'Desert Ute' ~ A pickup for the Sahara
in association with the Matt Savage Ute Institute (MSUI)

Stage Two

Off in a week and just picked up my all terrain canoe trolley from Matt's.

While I was away Matt fitted a second battery (left) and a what I consider a foolproof 'split charge' system which avoids diodes, schmiodes and gnashed teeth with two dead bats and fries.

With the chunky red dashboard key in (right), both bats are connected and get charged off the alternator while the car is running. Come night time or a lay over, put chunky to bed in the ash tray and the second leisure bat can be run down with ancillaries run off a dedicated four-way cig connector.

There is also a switch for the Kenlowe fan left of the red key. The thermostat broke off before it even got used so it's been eliminated but I prefer to turn the fan on manually anyway as I always have an eye on the temp needle.

A q/d shovel has been tucked onto the side for easy deployment during boggings and for going to the bog. And on the back across the tailgate with easy-to-use screw down handles (not shown) are the ally sand plates last used during my Mercedes 190 experiment a couple of years back,

These will be matched by a pair of red Soltracks (below) which I've bought for all of us from France for €70 a pair. (Fyi, 2009: still the same price from the manufacturers but often sold for double at 4WD places in Europe). I've cut the corners off my pair to tuck them all the better under cleared wheels, a la Grand Erg plates. Light and harmless, they feel pretty tough, but a few days of 2 tons mashing down on them may make them whimper. I'll be interested to see how they stand up to it. All these trips of mine include trying out new things and ideas for my own interest as well as the next edition of the book. The Soltracks will also make handy under mats, wind breaks, ping pong bats and windscreen shades to keep the cab cool over lunch.

Tarps are always tricky to keep tied down until you get a degree in rope management so I've come up with a neater idea, an old fishing net bought off ebay to simply stretch over the tarp and hook down onto the sides. Haven't tried it yet but there's always lashings of lashing rope it if fails - and who knows, it may have some sort of use in the desert an a communal sand hammock.

I was going to take two 200-litre drums plus a jerry for measuring it out, but checking the insides of one drum today revealed some rust and water. Who knows how it got in but I can't be bothered to trace a leak if there is one so I've dumped it and decided to use one drum and a few more jerries.

As it was I was thinking that two part-filled and unbaffled drums will surge undesirably, 300 kilos of diesel mounted high slopping left and right could push the car over the brink on an off-camber dune slope. My last-minute reasoning is that one full drum won't slosh the way two part filled would have done.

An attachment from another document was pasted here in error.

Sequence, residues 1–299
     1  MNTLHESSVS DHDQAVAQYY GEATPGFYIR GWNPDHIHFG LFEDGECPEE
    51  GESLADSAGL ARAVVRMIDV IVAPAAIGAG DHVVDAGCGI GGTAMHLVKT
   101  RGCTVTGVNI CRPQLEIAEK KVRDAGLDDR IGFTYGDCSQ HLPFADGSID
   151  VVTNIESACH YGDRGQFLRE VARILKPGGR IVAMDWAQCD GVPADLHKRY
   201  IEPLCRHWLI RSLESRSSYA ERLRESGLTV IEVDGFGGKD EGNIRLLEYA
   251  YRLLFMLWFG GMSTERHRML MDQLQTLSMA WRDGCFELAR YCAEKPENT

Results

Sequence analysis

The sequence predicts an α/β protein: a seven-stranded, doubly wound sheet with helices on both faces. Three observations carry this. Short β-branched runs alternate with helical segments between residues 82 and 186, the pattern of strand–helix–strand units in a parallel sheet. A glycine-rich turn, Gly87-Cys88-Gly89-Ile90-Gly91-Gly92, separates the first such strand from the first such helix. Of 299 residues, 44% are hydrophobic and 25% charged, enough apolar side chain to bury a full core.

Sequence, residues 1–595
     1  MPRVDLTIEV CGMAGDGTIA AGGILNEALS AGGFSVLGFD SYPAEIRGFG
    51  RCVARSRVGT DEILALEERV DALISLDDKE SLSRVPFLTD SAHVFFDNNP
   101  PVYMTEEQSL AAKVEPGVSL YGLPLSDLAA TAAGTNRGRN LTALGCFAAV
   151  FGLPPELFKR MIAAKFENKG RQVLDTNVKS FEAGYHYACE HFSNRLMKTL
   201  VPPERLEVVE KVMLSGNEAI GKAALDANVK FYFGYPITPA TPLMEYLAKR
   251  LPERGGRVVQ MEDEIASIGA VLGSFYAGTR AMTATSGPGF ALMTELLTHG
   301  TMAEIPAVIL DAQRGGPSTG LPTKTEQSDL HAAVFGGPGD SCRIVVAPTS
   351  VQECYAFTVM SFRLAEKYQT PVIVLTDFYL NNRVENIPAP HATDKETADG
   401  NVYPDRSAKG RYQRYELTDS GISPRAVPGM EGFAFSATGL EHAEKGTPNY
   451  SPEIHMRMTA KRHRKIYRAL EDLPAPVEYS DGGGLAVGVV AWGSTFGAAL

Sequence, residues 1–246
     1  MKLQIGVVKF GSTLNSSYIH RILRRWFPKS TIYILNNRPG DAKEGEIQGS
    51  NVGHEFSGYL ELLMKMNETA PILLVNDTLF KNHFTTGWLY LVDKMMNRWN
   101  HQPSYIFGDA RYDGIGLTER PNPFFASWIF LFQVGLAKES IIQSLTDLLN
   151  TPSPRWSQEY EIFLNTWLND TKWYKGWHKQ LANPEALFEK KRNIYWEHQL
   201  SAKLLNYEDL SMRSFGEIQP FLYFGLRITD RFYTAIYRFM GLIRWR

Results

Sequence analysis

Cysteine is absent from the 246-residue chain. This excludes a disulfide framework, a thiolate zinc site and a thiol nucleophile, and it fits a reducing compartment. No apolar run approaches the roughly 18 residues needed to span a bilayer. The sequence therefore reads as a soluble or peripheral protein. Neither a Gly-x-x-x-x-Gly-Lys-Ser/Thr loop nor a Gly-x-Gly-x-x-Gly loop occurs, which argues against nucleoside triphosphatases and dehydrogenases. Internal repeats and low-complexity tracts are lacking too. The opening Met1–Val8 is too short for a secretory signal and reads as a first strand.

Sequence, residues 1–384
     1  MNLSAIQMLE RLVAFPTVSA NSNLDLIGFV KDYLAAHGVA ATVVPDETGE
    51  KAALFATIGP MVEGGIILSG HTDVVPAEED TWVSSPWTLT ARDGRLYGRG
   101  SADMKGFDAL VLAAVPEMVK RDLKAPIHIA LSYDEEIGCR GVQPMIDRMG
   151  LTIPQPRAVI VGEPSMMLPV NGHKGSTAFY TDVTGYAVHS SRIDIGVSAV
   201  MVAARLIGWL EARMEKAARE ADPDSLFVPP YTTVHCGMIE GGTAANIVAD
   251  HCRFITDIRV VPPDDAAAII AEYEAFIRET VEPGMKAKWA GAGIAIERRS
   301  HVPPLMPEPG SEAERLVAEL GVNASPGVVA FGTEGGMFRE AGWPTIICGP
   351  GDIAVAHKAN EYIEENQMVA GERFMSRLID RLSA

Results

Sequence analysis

This already narrow ute has turned out higher than necessary, a combination of desirable 750 x 16 wheels and the not so necessary 2-inch lift you get whether you like it or not with with heavy duty OMEs. Too late to do much about that now but it gives me more space in the back which does not hurt.

For the big stage across the Empty Quarter my car ought to easily get by on 350 litres - (2100km @ 6kpl) which is a near-full drum, 5 jerries and the fuel tank. I nailed some blocks of wood to a a table top to to help keep the drum in place for the duration with the help of a chunky lorry tie down.

Apart from the glove box the cab has no useful pockets or storage to speak off. I'll chop some bits out of my tarp net and pin it to the back of the seat for storage as well as clip a crate down with the passenger seat belt for handier access on the move. It's going to be tricky logging the entire route for posterity. Normally a pax jots down the waypoint number and notes so to get round this I've bought myself a dictaphone for use on the move which will need transcribing each evening.

And that is about it, baring the usual last minute drama. Come back in a few days if you want to see a pic of the Desert Ute loaded up and ready for lift off.

Overall I'm confident in the young Taro's untested set up. Its a nice light car to drive, young enough not to be shagged out and I'm sure the ease of access will have its rewards in the desert. With a bit of carpet tiling on the load bed and my mattress over the top, It should be pretty quiet. If it tips over at least it's easy to unload and light enough to pull back up without doing much more damage.

My biggest concern is the lack of power, not helped by the over-sized tyres. It's been a few years now but whatever I drive I think I still have not got over my HJ61's bark-stripping grunt. The toughest section of the Empty Quarter will be getting through the Ouarane Sand Sea east of Guelb where all the cars will be maxed out on payload. A grunty 60 will manage OK but the limp 2.4 Tojo engine will not have to poke to gain momentum to get up over the dunes. It will be like being in a Series III all over again - claw it's way along, one bogging at a time! This picture of the Saviem expedition in the Aïr comes to mind...


Oh well, que sera sera. If crossing the EQ was easy someone else would have done it by now. Pop back around Xmas to see how it went.




More on the SEQ expedition here


The last I saw of the Taro at Ikhalil contrabanders compound in north Mali.
As far as I know it's still there, though probably even less intact and maybe full of bullet holes

© Chris Scott, 1998-2013